The Gold Bat/Chapter 21
“What do you think of that?” said Clowes.
Trevor said nothing. He could not quite grasp the situation. It was not only that he had got the idea so firmly into his head that it was Rand-Brown who had sent the letters and appropriated the bat. Even supposing he had not suspected Rand-Brown, he would never have dreamed of suspecting Ruthven. They had been friends. Not very close friends—Trevor’s keenness for games and Ruthven’s dislike of them prevented that—but a good deal more than acquaintances. He was so constituted that he could not grasp the frame of mind required for such an action as Ruthven’s. It was something absolutely abnormal.
Clowes was equally surprised, but for a different reason. It was not so much the enormity of Ruthven’s proceedings that took him aback. He believed him, with that cheerful intolerance which a certain type of mind affects, capable of anything. What surprised him was the fact that Ruthven had had the ingenuity and even the daring to conduct a campaign of this description. Cribbing in examinations he would have thought the limit of his crimes. Something backboneless and underhand of that kind would not have surprised him in the least. He would have said that it was just about what he had expected all along. But that Ruthven should blossom out suddenly as quite an ingenious and capable criminal in this way, was a complete surprise.
“Well, perhaps you’ll make a remark?” he said, turning to Ruthven.
Ruthven, looking very much like a passenger on a Channel steamer who has just discovered that the motion of the vessel is affecting him unpleasantly, had fallen into a chair when Clowes handed him off. He sat there with a look on his pasty face which was not good to see, as silent as Trevor. It seemed that whatever conversation there was going to be would have to take the form of a soliloquy from Clowes.
Clowes took a seat on the corner of the table.
“It seems to me, Ruthven,” he said, “that you’d better say something. At present there’s a lot that wants explaining. As this bat has been found lying in your drawer, I suppose we may take it that you’re the impolite letter-writer?”
Ruthven found his voice at last.
“I’m not,” he cried; “I never wrote a line.”
“Now we’re getting at it,” said Clowes. “I thought you couldn’t have had it in you to carry this business through on your own. Apparently you’ve only been the sleeping partner in this show, though I suppose it was you who ragged Trevor’s study? Not much sleeping about that. You took over the acting branch of the concern for that day only, I expect. Was it you who ragged the study?”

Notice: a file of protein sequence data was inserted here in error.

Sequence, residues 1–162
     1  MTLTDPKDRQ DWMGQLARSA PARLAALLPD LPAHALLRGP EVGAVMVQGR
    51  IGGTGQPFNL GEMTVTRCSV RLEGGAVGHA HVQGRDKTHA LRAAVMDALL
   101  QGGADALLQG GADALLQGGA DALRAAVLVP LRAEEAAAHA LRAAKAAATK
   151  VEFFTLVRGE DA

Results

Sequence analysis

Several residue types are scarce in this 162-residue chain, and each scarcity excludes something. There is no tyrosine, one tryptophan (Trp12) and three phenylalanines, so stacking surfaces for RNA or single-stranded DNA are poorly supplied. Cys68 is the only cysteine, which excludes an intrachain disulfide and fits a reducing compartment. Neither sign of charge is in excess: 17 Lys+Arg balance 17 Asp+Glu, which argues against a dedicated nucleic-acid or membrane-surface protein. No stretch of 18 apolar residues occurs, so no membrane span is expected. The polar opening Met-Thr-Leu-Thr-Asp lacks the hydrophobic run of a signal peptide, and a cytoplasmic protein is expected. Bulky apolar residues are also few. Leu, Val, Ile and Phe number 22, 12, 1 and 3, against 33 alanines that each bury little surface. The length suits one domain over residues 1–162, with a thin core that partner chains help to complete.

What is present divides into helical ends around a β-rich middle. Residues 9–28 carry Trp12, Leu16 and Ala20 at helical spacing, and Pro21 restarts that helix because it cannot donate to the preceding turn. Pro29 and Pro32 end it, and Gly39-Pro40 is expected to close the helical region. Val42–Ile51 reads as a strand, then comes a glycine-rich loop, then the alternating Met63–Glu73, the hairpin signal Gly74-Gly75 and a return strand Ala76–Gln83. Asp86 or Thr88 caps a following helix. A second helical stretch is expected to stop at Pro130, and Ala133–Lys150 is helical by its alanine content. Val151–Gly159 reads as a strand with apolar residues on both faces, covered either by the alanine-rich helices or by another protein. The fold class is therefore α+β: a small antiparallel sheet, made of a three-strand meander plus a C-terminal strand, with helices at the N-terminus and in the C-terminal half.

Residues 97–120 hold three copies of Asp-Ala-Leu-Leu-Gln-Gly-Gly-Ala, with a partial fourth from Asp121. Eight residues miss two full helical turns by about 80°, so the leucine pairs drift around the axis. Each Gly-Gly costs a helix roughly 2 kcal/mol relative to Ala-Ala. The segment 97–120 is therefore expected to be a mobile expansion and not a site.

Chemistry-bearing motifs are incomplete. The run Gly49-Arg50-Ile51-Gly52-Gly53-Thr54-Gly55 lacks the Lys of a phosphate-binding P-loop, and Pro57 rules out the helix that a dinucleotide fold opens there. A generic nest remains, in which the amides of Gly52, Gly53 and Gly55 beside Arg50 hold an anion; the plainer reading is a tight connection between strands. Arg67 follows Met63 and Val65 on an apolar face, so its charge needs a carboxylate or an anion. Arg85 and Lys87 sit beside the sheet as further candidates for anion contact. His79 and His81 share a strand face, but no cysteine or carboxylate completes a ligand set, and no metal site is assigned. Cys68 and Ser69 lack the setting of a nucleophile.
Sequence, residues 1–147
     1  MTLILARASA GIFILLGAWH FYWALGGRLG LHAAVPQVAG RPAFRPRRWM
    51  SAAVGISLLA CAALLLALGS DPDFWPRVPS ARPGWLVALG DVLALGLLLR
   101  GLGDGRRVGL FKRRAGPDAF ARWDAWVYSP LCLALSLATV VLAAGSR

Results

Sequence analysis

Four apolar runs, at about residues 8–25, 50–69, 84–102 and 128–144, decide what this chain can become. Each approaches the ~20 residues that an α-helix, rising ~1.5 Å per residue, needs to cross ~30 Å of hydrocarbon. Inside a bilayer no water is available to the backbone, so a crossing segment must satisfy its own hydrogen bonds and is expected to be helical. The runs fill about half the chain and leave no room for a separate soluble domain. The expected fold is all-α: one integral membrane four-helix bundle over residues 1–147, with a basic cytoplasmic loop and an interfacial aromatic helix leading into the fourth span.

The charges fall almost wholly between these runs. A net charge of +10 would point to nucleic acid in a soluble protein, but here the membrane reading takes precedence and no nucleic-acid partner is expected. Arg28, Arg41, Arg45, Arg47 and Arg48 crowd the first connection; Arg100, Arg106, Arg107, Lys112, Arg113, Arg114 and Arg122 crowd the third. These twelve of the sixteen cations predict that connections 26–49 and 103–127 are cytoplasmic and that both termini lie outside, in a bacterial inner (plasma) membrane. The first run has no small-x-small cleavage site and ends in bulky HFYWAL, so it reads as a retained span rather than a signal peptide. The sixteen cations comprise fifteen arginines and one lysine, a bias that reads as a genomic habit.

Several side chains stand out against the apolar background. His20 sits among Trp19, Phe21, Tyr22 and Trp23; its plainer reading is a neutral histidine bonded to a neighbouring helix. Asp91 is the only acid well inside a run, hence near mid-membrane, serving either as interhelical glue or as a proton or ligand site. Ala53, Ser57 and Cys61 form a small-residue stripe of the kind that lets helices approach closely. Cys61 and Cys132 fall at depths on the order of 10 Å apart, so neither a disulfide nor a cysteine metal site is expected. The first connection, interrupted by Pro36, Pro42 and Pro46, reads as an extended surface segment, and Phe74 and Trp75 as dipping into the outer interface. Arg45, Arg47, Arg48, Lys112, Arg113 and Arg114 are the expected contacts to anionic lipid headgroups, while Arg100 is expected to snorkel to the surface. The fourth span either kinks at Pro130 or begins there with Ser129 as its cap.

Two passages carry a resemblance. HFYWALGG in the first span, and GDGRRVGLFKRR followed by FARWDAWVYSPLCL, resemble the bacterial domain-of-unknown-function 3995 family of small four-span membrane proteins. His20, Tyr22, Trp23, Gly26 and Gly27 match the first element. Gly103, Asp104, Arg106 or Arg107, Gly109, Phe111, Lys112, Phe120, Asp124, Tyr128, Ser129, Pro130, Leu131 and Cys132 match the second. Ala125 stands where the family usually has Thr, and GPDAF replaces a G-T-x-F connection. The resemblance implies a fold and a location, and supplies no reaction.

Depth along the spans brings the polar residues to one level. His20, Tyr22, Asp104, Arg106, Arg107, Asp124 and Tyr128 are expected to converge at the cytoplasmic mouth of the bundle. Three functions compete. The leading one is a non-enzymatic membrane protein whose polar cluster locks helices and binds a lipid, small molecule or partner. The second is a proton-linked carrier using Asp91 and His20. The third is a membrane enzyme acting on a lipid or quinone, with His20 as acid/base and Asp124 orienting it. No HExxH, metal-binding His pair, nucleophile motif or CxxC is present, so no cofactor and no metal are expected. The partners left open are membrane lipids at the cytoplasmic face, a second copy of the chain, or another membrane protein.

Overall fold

Ruthven stared into the fire, but said nothing.
“Must be polite, you know, Ruthven, and answer when you’re spoken to. Was it you who ragged Trevor’s study?”
“Yes,” said Ruthven.
“Why, of course, I met you just outside,” said Trevor, speaking for the first time. “You were the chap who told me what had happened.”
Ruthven said nothing.
“The ragging of the study seems to have been all the active work he did,” remarked Clowes.
“No,” said Trevor, “he posted the letters, whether he wrote them or not. Milton was telling me—you remember? I told you. No, I didn’t. Milton found out that the letters were posted by a small, light-haired fellow.”
“That’s him,” said Clowes, as regardless of grammar as the monks of Rheims, pointing with the poker at Ruthven’s immaculate locks. “Well, you ragged the study and posted the letters. That was all your share. Am I right in thinking Rand-Brown was the other partner?”
Silence from Ruthven.
“Am I?” persisted Clowes.
“You may think what you like. I don’t care.”
“Now we’re getting rude again,” complained Clowes. “Was Rand-Brown in this?”
“Yes,” said Ruthven.
“Thought so. And who else?”
“I tell you there was no one else. Can’t you believe a word a chap says?”
“A word here and there, perhaps,” said Clowes, as one making a concession, “but not many, and this isn’t one of them. Have another shot.”
Ruthven relapsed into silence.
“All right, then,” said Clowes, “we’ll accept that statement. There’s just a chance that it may be true. And that’s about all, I think. This isn’t my affair at all, really. It’s yours, Trevor. I’m only a spectator and camp-follower. It’s your business. You’ll find me in my study.” And putting the poker carefully in its place, Clowes left the room. He went into his study, and tried to begin some work. But the beauties of the second book of Thucydides failed to appeal to him. His mind was elsewhere. He felt too excited with what had just happened to translate Greek. He pulled up a chair in front of the fire, and gave himself up to speculating how Trevor was getting on in the neighbouring study. He was glad he had left him to finish the business. If he had been in Trevor’s place, there was nothing he would so greatly have disliked as to have someone—however familiar a friend—interfering in his wars and settling them for him. Left to himself, Clowes would probably have ended the interview by kicking Ruthven into the nearest approach to pulp compatible with the laws relating to manslaughter. He had an uneasy suspicion that Trevor would let him down far too easily.